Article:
Arthroscopic treatment of posterior shoulder instability in patients with and without glenoid dysplasia: a comparative outcomes analysis

Joseph W. Galvin, Douglas R. Morte, Jason A. Grassbaugh, Stephen Parada, Samuel H. Burns, Josef K. Eichinger

Research output: Contribution to journalArticle

3 Citations (Scopus)

Abstract

Background The purpose of this study was to evaluate the influence of glenoid dysplasia on outcomes after isolated arthroscopic posterior labral repair in a young military population. Methods Thirty-seven male patients who underwent arthroscopic posterior labral repair for symptomatic posterior shoulder instability were evaluated at a mean duration of 3.1 years. A comparative analysis was performed for those with glenoid dysplasia and without dysplasia. Additional factors analyzed included military occupational specialty (MOS), preoperative mental health clinical encounters and mental health medication use, and radiographic characteristics (version, posterior humeral head subluxation, and posterior capsular area) on a preoperative standard shoulder magnetic resonance arthrogram. The groups were analyzed with regard to shoulder outcome scores (subjective shoulder value [SSV], American Shoulder and Elbow Surgeons [ASES] rating scale, Western Ontario Shoulder Instability Index [WOSI]), need for revision surgery, and medical separation from the military. Results Of 37 patients, 3 (8.1%) underwent revision surgery and 6 (16%) underwent medical separation. Overall outcome assessment demonstrated a mean SSV of 67.9 (range, 25-100) ± 22.1, mean ASES of 65.6 (range, 15-100) ± 22, and mean WOSI of 822.6 (range, 5-1854) ± 538. There were no significant differences in clinical outcome scores between the glenoid dysplasia and no dysplasia groups (SSV, P = .55; ASES, P = .57; WOSI, P = .56). MOS (P = .02) and a history of mental health encounters (P = .04) were significantly associated with diminished outcomes. Conclusions The presence or absence of glenoid dysplasia did not influence the outcome after arthroscopic posterior labral repair in a young military population. However, a history of mental health clinical encounters and an infantry MOS were significantly associated with poorer clinical outcomes.

Original languageEnglish (US)
Pages (from-to)2103-2109
Number of pages7
JournalJournal of Shoulder and Elbow Surgery
Volume26
Issue number12
DOIs
StatePublished - Dec 1 2017
Externally publishedYes

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Mental Health
Ontario
Therapeutics
Elbow
Reoperation
Humeral Head
Population
Magnetic Resonance Spectroscopy
Outcome Assessment (Health Care)
Surgeons

Keywords

  • arthroscopy
  • glenoid dysplasia
  • labral tear
  • posterior instability
  • retroversion
  • Shoulder instability

ASJC Scopus subject areas

  • Surgery
  • Orthopedics and Sports Medicine

Cite this

Arthroscopic treatment of posterior shoulder instability in patients with and without glenoid dysplasia : a comparative outcomes analysis. / Galvin, Joseph W.; Morte, Douglas R.; Grassbaugh, Jason A.; Parada, Stephen; Burns, Samuel H.; Eichinger, Josef K.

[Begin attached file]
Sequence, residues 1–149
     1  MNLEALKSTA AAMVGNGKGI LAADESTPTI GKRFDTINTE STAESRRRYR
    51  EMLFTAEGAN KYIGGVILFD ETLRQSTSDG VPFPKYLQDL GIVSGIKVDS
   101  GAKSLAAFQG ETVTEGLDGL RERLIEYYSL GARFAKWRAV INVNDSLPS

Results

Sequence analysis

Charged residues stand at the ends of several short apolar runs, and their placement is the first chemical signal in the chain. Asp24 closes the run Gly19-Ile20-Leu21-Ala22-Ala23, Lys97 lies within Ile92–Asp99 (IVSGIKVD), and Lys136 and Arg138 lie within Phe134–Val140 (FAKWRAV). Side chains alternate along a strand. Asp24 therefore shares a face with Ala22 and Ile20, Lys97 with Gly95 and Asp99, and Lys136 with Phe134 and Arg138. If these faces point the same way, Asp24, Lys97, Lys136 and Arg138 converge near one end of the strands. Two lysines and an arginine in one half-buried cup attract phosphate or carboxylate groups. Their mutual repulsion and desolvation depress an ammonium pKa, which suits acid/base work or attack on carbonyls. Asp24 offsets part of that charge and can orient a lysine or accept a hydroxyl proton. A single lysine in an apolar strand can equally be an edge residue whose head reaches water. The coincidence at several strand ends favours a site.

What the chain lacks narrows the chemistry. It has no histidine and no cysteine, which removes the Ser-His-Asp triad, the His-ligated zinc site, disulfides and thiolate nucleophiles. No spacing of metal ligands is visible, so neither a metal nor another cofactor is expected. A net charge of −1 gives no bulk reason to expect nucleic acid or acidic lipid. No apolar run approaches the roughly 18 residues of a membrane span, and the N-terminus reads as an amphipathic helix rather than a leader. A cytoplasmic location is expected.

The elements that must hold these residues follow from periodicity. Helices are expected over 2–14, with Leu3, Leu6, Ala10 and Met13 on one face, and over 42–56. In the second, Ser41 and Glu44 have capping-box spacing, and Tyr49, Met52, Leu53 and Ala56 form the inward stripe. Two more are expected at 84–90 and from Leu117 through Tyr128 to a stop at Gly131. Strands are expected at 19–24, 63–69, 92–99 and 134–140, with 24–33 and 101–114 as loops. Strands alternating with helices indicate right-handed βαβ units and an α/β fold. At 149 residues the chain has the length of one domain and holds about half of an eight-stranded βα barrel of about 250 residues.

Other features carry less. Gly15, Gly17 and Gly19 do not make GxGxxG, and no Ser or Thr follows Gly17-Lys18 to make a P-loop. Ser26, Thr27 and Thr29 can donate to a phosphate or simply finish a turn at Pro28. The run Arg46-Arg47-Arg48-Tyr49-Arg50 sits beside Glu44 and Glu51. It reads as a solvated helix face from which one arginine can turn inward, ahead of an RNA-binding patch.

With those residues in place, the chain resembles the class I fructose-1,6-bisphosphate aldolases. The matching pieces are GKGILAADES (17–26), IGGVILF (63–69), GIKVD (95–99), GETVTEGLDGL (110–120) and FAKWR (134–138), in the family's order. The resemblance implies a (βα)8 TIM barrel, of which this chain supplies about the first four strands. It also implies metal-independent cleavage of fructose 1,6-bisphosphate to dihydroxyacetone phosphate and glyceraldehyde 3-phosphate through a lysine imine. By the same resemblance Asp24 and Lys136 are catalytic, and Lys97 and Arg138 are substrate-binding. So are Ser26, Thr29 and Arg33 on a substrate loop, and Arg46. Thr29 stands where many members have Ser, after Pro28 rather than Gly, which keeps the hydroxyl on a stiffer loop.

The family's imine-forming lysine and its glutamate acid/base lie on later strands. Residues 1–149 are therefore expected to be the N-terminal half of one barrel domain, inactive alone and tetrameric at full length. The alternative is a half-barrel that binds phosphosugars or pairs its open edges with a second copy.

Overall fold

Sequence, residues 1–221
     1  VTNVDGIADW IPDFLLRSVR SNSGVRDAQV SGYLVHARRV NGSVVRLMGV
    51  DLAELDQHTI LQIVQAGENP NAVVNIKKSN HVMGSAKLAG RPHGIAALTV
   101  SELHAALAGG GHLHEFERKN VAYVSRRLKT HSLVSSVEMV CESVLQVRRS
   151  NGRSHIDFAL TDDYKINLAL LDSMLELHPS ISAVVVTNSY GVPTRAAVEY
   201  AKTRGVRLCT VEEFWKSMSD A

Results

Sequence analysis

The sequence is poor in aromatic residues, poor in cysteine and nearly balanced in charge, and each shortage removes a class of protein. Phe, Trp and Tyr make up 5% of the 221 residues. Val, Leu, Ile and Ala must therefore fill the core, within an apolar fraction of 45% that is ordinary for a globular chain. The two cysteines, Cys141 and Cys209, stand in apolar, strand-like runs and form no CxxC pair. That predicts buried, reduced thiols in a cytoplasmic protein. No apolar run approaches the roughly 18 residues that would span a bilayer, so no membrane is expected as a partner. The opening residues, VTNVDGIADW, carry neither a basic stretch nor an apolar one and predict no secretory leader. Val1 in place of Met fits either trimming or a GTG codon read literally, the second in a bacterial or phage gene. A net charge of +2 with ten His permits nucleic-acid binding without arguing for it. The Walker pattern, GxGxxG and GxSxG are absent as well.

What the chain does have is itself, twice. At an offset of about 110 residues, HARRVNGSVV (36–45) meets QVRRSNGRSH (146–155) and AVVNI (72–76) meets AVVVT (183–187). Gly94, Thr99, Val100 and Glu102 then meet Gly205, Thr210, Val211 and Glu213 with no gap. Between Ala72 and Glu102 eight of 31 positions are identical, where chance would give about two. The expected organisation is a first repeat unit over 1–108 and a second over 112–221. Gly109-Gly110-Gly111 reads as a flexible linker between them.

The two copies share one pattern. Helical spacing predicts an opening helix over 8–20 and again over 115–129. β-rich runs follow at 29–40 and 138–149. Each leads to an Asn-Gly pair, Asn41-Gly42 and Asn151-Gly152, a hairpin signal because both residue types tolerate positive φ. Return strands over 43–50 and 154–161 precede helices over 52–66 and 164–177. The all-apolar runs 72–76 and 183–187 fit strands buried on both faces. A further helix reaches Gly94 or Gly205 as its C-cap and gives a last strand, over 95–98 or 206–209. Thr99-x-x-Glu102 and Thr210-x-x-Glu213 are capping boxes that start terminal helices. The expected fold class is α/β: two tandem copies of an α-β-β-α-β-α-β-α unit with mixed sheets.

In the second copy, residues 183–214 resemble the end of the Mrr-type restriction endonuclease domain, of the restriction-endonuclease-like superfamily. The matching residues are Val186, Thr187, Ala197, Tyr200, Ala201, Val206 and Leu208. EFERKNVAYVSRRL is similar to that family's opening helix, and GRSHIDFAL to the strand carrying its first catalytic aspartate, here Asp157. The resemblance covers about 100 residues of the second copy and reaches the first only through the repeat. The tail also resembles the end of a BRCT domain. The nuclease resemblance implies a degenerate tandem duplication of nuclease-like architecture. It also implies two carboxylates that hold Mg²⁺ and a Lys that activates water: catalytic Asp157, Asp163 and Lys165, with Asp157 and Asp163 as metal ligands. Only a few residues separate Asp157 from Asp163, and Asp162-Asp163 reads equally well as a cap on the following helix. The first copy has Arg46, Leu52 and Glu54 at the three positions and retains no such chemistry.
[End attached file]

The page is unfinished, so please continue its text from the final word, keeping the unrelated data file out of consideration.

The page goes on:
In: Journal of Shoulder and Elbow Surgery, Vol. 26, No. 12, 01.12.2017, p. 2103-2109.

Research output: Contribution to journalArticle

Galvin, Joseph W. ; Morte, Douglas R. ; Grassbaugh, Jason A. ; Parada, Stephen ; Burns, Samuel H. ; Eichinger, Josef K. / Arthroscopic treatment of posterior shoulder instability in patients with and without glenoid dysplasia : a comparative outcomes analysis. In: Journal of Shoulder and Elbow Surgery. 2017 ; Vol. 26, No. 12. pp. 2103-2109.
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abstract = "Background The purpose of this study was to evaluate the influence of glenoid dysplasia on outcomes after isolated arthroscopic posterior labral repair in a young military population. Methods Thirty-seven male patients who underwent arthroscopic posterior labral repair for symptomatic posterior shoulder instability were evaluated at a mean duration of 3.1 years. A comparative analysis was performed for those with glenoid dysplasia and without dysplasia. Additional factors analyzed included military occupational specialty (MOS), preoperative mental health clinical encounters and mental health medication use, and radiographic characteristics (version, posterior humeral head subluxation, and posterior capsular area) on a preoperative standard shoulder magnetic resonance arthrogram. The groups were analyzed with regard to shoulder outcome scores (subjective shoulder value [SSV], American Shoulder and Elbow Surgeons [ASES] rating scale, Western Ontario Shoulder Instability Index [WOSI]), need for revision surgery, and medical separation from the military. Results Of 37 patients, 3 (8.1{\%}) underwent revision surgery and 6 (16{\%}) underwent medical separation. Overall outcome assessment demonstrated a mean SSV of 67.9 (range, 25-100) ± 22.1, mean ASES of 65.6 (range, 15-100) ± 22, and mean WOSI of 822.6 (range, 5-1854) ± 538. There were no significant differences in clinical outcome scores between the glenoid dysplasia and no dysplasia groups (SSV, P = .55; ASES, P = .57; WOSI, P = .56). MOS (P = .02) and a history of mental health encounters (P = .04) were significantly associated with diminished outcomes. Conclusions The presence or absence of glenoid dysplasia did not influence the outcome after arthroscopic posterior labral repair in a young military population. However, a history of mental health clinical encounters and an infantry MOS were significantly associated with poorer clinical outcomes.",